I texted my friend the airline upgraded my flight to business class and I didn’t know what to do. “Do like a business class,” he replied.
I recently purchased a 6:50 a.m. flight from Jeddah to Istanbul. However, I learned that there’s an earlier flight for the same route so I went to the airport eight hours before my original flight so I’ll be three hours earlier than the earlier flight.
Yes, airlines usually allow you to take an earlier than your booked flight so long as there are seats available and you don’t go barging in as if they owe you more than what you paid for.
Being used to traffic in Manila, I usually arrive at the airport four hours before my flights. Waiting for another four hours is an easy task.
I went straight to the airline office when I reached the airport and the kind airline personnel advised me to be present when the check-in counters open. I’ll be a chance passenger and they let me in the earlier flight if a seat will be available.
As soon as the check-in counters open, I was there. Far enough not to bother the people checking in, but close enough that the check-in crews will see me without calling their attention. A few more minutes before boarding time, the lines for the check-in counters were empty.
The airline personnel signaled for me to wait further.
A few more minutes and one of the crews called me to check-in. The other crews were teasing me to give a treat as they have reserved for me a business class seat.
I told them I would have but they’re already calling for boarding. We all laughed.
For over fifteen years, I’ve been flying economy class and have mustered all the proceedings. But when they suddenly put me in business class, my decade and a half of preparedness flew out of the window.
What follows is an open letter explaining the proper decorum on a business class seat you did not pay for.
Dear Miss 05F on Flight TK95,
We both perfectly know we didn’t pay for a business class seat, we’re just lucky to have gotten an upgrade.
How did I know, you might ask. The in-flight meal gave you away.
Passengers who actually paid for business class decline the in-flight meals, they’re there to sleep. That’s what they paid for — bigger seats and longer leg rooms. So they can recline their backrests and lie down comfortably. They don’t eat.
But for us who were lucky enough that there were empty business class seats and had been good boys and girls enough to earn the favor from the ground staff, we savor the perks we didn’t pay for. And the least we can do to acknowledge their kindness is to not sleep.
But there you were, sleeping as soon as the plane took off and spoiling what could have been my epic Instagram post.
But I’m not writing to assault you for photobombing. I’m writing to educate you on the proper decorum the next time you get handed a business class upgrade.
First, the in-flight meal.
In the economy class, we pre-order our in-flight meals online. And it is just as important that we pre-select the window seats. That, so when the flight attendant comes confirming our names and seat numbers, we ensure that the people seating at the middle and aisle seats will hear it. And we’ll sound a little more different.
Especially when our food arrives. People on the middle and aisle seats will put down their tray tables, thinking it’s mealtime, but will not receive their food until an hour later. They’ll look at us confused and we’ll tell them what just happened. This ensures we’ll appear to them as seasoned travelers.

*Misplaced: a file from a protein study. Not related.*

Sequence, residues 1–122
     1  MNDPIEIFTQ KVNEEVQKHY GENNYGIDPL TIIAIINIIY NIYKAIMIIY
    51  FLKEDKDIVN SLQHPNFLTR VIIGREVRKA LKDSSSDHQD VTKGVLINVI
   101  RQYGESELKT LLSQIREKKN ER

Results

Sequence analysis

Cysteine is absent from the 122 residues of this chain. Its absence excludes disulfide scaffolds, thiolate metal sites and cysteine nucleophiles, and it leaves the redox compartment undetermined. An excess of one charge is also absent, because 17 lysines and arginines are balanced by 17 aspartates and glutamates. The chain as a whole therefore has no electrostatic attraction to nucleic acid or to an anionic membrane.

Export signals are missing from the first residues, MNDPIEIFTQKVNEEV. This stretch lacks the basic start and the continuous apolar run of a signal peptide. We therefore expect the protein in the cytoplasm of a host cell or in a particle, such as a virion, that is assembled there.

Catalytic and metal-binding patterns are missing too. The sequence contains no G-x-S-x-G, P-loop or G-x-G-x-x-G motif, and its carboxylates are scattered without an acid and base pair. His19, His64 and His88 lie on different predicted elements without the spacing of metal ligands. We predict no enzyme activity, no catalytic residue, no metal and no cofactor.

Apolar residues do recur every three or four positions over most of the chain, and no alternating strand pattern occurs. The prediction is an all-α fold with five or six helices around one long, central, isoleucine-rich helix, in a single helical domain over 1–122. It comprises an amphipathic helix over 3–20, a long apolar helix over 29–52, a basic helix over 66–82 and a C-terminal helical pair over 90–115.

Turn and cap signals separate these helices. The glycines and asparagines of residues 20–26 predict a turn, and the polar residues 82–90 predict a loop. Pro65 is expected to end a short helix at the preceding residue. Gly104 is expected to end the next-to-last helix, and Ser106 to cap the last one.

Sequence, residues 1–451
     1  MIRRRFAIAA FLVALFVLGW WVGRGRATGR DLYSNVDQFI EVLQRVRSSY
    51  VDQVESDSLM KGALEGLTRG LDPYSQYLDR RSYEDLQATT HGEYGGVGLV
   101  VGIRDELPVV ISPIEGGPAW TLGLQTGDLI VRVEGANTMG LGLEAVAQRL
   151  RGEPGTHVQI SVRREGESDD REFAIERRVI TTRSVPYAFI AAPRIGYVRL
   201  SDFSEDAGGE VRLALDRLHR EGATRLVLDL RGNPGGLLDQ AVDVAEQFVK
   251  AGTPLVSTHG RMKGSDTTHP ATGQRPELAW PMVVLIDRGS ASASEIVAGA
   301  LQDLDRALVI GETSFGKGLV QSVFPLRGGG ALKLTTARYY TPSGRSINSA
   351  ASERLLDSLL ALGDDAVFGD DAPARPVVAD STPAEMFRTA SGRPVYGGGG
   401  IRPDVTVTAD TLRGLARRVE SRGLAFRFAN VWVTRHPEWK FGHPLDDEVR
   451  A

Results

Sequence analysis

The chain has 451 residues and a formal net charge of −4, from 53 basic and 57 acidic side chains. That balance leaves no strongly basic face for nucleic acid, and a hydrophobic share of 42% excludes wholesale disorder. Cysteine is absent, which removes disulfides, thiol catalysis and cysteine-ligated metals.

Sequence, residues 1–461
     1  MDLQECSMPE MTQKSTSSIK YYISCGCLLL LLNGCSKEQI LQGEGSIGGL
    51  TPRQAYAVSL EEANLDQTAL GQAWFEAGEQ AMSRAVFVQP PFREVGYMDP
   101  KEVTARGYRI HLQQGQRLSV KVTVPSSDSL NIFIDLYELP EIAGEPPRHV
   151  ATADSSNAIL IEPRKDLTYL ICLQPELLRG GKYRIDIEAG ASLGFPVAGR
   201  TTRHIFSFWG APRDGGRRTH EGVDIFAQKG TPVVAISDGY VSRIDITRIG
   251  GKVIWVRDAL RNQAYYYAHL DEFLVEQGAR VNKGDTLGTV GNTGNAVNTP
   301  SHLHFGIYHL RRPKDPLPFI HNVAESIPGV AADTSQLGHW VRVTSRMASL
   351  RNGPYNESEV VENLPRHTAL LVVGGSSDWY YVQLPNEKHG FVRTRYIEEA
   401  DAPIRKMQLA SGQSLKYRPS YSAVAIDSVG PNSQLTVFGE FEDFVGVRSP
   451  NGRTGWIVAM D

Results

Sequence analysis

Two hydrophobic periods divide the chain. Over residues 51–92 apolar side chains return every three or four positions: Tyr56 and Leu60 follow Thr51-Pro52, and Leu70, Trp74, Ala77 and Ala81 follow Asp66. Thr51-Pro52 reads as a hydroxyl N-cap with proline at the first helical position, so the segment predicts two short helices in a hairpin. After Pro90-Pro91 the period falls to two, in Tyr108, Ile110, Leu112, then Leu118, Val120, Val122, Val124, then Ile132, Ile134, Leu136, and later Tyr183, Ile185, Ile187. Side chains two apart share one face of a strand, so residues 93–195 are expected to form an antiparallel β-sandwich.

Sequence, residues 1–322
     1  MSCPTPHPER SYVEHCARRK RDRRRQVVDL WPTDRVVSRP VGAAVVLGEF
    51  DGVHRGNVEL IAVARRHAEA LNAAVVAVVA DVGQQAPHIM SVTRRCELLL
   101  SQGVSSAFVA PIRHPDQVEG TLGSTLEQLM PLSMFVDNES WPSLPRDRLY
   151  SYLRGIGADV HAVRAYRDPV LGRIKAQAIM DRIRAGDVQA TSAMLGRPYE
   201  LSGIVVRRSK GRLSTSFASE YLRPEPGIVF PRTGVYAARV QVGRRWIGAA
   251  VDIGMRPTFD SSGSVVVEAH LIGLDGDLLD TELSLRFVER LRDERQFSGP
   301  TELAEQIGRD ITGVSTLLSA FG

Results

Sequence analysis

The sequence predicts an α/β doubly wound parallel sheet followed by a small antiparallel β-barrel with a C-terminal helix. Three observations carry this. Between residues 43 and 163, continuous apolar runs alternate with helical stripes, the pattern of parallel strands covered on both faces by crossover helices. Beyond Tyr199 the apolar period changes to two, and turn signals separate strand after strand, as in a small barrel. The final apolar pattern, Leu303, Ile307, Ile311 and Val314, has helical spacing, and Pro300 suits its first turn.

That’s how we do it in the economy class.
But at the time, we were in the business class. And unlike the others who have actually paid for to be in the quasi-elite section (elite means first-class, or whatever is the equivalent), we did not have the option to pre-pick our food. And even if we did, we will no longer prefer to have them.
That is why when the flight attendants ask us to choose from the menu, we have to be a little careful.
In economy class, the appetizer, the main course, and the dessert are served all at once. In a single dull tray. Whereas in the business class, the appetizer, the main course, and the dessert are separately served and sophisticatedly plated.
So we don’t get to order from the main course when we’re merely being asked for what appetizer we would like to have. Which was what you exactly did.
And please… what’s with the orange juice? In business class, we don’t do orange juice. We do wine, baby! Red wine.
Even in the economy, we say “Red wine, please. Thanks!” Red wine commands class. It implies we would have opted for the business class had there been a seat left. A full seat probably never really happens in business class, but that’s not the point. We may not even like wine so we sip it ever so slowly until every else is done with their meal.
It would have been better if you had just declined everything all together. Orange juice is for the economy class, which is where we actually paid to be in, but that’s not our point.
You did not even touch your in-flight entertainment screen.
In the economy, we struggle with a small screen we had to tilt up and down each time the passenger on our front would tilt the backrest our screens are attached to. We struggle to dim or brighten the screens depending on whether the people around us will open the windows or the reading lights.
In the business class, we’re handed bigger, wider entertainment screens that are not attached to the front seat’s backrest and you chose to put on your eye mask?
If that isn’t being ungrateful then I don’t know what it is.
And lastly, and probably the worst. You actually opened the in-flight kit and used what’s in them?
Oh god, that’s our business class souvenir!
That was your last straw and I don’t even know now what to say anymore so I’ll leave it all here.
But here’s a thing…
I saw you tucked the in-flight magazine in your bag on our way out. I just lost mine and I seriously want yours. Send me a message if you happen to read this.
05E on Flight TK95